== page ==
Dirt is Good
The American obsession with a germ-free environment may be one reason our rates of allergies, asthma and digestive issues have sky-rocketed. Seem counter-intuitive? Dig in and see what some top scientists have to say.
- story by Christina Richardson
Jack Gilbert is the faculty director of the Microbiome Center and a professor in the department of surgery at the University of Chicago, founder of the Earth Microbiome Project and co-founder of the American Gut Project.
According to research on the subject, “From birth to age three, your child’s microbiome, especially in the gut, is extremely dynamic.” By age three the adult levels will be in place and everything you need is there. “There they stay, fending off pathogens, breaking down fibers, tuning the immune system and even influencing mental health.”
Why is dirt good? Claire Fraser-Liggott, Ph.D., a professor at the University of Maryland, made a good case for dirt in a TEDxMidAtlantic talk. Fraser-Liggott says that we are not alone, and by that I mean in our own bodies. We are a little planet, a microbial ecosystem with hundreds of trillions of microbes living with us.
“If you go back to fundamental principles of ecology, we know that high diversity ecosystems are more stable and resilient.” (9:22 in the Claire Fraser’s TED Talk video). Lacking that in our bodies, we are more prone to allergies, food allergies, and asthma.
Dr. Fraser-Liggott helped launch the field of microbial genomics and is with the Institute for Genome Sciences. It is the purpose of this effort to lay the foundation for new approaches to personalized medicine.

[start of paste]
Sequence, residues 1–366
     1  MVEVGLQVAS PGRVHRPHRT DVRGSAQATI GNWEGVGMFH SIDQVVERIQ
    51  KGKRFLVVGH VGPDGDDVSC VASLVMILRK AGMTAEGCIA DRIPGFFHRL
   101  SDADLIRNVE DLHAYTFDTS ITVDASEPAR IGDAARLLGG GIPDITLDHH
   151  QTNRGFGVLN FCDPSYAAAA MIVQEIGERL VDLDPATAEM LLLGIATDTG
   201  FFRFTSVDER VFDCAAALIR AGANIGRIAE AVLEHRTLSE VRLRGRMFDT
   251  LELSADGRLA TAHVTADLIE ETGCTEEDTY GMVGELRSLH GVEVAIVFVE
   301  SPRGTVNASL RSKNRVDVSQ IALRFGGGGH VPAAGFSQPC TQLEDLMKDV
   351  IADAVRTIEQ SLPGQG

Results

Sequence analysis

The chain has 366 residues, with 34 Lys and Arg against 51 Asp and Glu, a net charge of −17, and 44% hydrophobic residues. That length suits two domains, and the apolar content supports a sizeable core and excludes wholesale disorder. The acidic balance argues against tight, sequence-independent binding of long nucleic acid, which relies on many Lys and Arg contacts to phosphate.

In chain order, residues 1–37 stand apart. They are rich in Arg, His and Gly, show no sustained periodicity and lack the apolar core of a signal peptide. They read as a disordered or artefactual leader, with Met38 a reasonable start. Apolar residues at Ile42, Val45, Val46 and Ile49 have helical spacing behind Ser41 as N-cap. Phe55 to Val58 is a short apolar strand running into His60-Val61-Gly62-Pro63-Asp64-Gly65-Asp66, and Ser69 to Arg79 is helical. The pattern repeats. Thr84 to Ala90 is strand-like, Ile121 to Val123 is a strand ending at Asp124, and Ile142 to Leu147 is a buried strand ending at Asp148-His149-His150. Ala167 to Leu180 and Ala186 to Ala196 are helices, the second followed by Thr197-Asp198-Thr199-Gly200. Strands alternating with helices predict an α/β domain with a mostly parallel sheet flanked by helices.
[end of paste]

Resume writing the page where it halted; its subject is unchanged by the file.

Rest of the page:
One of the studies has an ick factor, so bear with me: Many people who have compromised microbe colonies due to antibiotic use or other factors are prone to problems with their digestive tracts and have diarrhea that is difficult to treat. Fecal transplants have been very successful in treating these disorders.
And yes, that means taking fecal material from a person with healthy microbes and planting them in the intestinal tract of the patient. Dr. Fraser-Liggott states that the cure rate is 95 percent for those patients that had a “re-poopulating of the gut.” Her words, not mine.
If you want to be a part of the study go to americangut.org. There is a kit to order so you can send in your own sample and get back information on how you are getting along with your microbes.
There are five recommendations that seem to be consistent with all the studies I have reviewed as to why it is good to expose your children to getting dirty.
Another aspect of connecting with the great outdoors is explored in a book by Richard Louv. Last Child in the Woods: Saving Our Children from Nature Deficit Disorder is a story about the disconnect humans have with natural areas.
The premise is that this lack of connection to nature contributes to obesity, distraction and depression. The book offers suggestions on how to develop an environment-based education program that enhances problem solving, critical thinking and decision-making skills.
And as for those questions in the first paragraph? According to these physicians and scientists, it may even be beneficial to lick off that pacifier; wash with warm soapy water instead of using anti-bacterial; if you are in a safe area like your home, pick up and eat the dropped food item; and let the dog lick away.